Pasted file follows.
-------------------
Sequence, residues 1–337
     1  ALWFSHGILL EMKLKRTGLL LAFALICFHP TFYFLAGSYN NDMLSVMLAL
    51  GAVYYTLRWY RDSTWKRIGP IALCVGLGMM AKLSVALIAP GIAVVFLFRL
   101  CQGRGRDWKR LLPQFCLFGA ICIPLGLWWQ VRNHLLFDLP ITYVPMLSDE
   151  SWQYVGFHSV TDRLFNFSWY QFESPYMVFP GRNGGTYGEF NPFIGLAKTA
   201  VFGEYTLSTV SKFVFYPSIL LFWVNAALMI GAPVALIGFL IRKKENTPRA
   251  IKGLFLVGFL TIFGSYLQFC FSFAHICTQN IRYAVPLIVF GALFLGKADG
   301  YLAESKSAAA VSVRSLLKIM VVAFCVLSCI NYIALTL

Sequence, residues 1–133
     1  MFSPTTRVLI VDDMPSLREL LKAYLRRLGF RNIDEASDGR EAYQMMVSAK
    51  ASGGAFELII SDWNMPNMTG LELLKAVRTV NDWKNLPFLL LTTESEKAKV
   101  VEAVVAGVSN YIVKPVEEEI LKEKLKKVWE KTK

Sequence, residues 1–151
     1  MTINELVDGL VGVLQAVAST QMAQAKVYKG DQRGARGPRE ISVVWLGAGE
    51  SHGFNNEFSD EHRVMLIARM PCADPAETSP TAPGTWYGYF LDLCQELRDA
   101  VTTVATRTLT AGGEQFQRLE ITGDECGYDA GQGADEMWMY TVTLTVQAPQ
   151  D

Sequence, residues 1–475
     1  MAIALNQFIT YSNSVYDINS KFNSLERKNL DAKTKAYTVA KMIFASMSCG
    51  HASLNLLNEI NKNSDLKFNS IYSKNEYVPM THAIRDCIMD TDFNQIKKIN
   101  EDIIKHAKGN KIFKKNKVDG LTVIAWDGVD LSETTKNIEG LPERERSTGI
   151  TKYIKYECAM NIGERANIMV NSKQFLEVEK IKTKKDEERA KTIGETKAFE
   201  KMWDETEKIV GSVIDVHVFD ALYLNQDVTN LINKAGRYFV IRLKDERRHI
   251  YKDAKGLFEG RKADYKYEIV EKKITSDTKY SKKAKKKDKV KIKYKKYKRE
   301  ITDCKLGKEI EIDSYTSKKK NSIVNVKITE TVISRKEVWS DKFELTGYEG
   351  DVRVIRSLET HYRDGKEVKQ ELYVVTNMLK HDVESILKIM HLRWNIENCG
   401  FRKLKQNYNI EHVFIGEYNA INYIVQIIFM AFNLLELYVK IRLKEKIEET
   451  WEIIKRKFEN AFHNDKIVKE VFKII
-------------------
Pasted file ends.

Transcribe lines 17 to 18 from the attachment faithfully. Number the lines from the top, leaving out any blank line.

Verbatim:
   151  D

Sequence, residues 1–475